Infrastructure and Health – Relevance
The word infrastructure has been used in English since at least 1887 and in French since at least 1875, originally meaning “The installations that form the basis for any operation or system”.
The word was imported from French, where it means subgrade, the native material underneath a constructed pavement or railway. The word is a combination of the Latin prefix "infra", meaning "below", and "structure". So, we can even say that Infrastructure is a part of architecture and supports architecture, just as foundations support buildings.
Now we will see some Vastu principles that cause an effect on human’s health.
1.More vacant space to the south of a structure will cause health issues,
2.More open space or depth in the south-west corner of a building is always fatal and will lead to disastrous happenings for the owner,
3.Any depth or pit on the west of a structure, though there is no open space will cause health issues,
4.If toilets/bathrooms are provided in the north-east of a structure it will lead to chronic diseases like cancer, leucoderma etc.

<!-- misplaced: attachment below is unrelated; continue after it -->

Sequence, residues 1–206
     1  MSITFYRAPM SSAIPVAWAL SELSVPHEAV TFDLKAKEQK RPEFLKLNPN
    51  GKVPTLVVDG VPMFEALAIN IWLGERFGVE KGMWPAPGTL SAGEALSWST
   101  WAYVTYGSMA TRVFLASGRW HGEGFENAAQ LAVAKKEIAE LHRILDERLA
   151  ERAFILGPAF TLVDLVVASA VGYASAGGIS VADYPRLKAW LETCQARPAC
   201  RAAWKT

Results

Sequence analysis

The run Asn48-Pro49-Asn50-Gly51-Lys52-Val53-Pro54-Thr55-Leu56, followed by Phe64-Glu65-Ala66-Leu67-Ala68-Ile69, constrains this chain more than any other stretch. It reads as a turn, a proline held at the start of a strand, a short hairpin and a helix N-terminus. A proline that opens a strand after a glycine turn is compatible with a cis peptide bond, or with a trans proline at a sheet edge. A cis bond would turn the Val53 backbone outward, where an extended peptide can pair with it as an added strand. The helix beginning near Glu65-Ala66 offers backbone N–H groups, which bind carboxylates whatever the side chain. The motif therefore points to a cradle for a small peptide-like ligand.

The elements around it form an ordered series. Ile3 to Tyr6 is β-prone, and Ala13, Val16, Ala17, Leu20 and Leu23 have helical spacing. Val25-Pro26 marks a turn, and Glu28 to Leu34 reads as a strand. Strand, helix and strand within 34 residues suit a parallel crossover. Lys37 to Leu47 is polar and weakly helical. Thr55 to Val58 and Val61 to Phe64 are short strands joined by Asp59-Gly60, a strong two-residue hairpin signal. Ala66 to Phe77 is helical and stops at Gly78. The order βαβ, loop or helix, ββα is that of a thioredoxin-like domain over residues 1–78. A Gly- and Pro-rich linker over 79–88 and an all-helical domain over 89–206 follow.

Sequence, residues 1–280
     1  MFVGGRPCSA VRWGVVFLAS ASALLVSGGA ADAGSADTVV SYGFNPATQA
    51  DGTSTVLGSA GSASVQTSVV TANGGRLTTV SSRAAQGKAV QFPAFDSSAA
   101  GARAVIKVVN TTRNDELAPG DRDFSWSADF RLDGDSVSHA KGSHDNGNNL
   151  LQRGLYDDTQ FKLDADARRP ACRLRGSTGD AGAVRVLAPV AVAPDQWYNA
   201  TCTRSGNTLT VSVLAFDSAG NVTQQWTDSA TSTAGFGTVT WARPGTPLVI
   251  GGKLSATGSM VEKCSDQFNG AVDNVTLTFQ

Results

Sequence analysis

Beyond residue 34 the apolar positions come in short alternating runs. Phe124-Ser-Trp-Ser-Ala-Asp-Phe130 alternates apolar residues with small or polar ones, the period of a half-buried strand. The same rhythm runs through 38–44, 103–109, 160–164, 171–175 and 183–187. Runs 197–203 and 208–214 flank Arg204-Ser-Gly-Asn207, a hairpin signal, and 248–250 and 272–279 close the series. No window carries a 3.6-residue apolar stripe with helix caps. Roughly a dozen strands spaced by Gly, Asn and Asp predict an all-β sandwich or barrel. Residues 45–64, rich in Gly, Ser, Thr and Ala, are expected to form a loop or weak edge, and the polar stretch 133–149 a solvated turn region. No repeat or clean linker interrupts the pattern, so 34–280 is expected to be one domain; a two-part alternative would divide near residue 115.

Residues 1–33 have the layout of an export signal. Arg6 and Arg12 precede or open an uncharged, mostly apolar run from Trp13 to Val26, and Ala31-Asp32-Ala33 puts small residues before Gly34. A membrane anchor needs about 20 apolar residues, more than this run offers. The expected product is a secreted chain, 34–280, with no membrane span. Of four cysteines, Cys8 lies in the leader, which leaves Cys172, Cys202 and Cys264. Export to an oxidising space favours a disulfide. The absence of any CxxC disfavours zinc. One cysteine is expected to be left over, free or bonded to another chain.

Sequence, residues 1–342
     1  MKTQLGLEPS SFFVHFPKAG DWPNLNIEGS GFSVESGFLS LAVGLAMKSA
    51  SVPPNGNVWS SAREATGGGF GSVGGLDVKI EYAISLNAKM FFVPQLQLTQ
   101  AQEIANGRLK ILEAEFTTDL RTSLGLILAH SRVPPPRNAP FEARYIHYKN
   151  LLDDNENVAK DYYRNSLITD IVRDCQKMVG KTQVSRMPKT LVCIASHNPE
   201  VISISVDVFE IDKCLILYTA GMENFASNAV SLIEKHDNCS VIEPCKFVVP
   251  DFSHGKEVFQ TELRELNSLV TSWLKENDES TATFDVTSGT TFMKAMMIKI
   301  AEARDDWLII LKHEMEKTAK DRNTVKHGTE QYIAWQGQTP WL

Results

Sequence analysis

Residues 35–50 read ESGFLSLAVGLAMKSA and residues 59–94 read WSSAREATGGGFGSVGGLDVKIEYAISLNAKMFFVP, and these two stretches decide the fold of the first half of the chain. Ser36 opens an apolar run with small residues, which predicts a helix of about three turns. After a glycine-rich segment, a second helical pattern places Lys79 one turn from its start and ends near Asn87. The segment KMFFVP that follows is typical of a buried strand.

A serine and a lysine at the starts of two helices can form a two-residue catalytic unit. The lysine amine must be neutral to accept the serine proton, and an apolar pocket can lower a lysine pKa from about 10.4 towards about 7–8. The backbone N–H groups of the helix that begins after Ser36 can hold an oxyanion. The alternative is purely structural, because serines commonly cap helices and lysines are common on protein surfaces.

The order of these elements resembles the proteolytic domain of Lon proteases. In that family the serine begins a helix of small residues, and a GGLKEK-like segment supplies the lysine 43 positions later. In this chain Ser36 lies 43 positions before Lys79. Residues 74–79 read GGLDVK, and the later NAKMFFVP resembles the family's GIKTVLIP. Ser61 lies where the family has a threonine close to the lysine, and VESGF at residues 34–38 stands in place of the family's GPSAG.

5.If toilets are provided in the south-west fame of the owner of that structure will vanish,
6.Any “well” or water storage south-east corner will ruin the health and totally filling/closing the well will be a proper remedy,
Apart from these principles there are many other Vastu factors causing various effects.

Proper Infrastructural suggestions that can prevent human’s health from various ill-effects –
1.Planting “Tulasi” (Holy Basil) and other such herbal plants and construction of Go-shala (Cow shed)
Tulasi - The botanical name of Holy Basil or Tulasi plant is Ocimum sanctum which belongs to Lamiaceae family. It is a typical tropical shrub which is widespread as a cultivated plant. The plant is considered very sacred by the Hindus and it is compulsorily grown in the house of every Hindu family in India. Tulasi has a great significance as it is worshiped by the Indian married women in particular for a happy and prosperous married life. Tulasi occupies a great place in the Hindu families and is given a godly status and is considered as one of the forms of Lakshmi - the Hindu Goddess of Wealth. The plant is also known as 'Queen of Herbs'. There are 3 varieties of Tulasi which are as follows: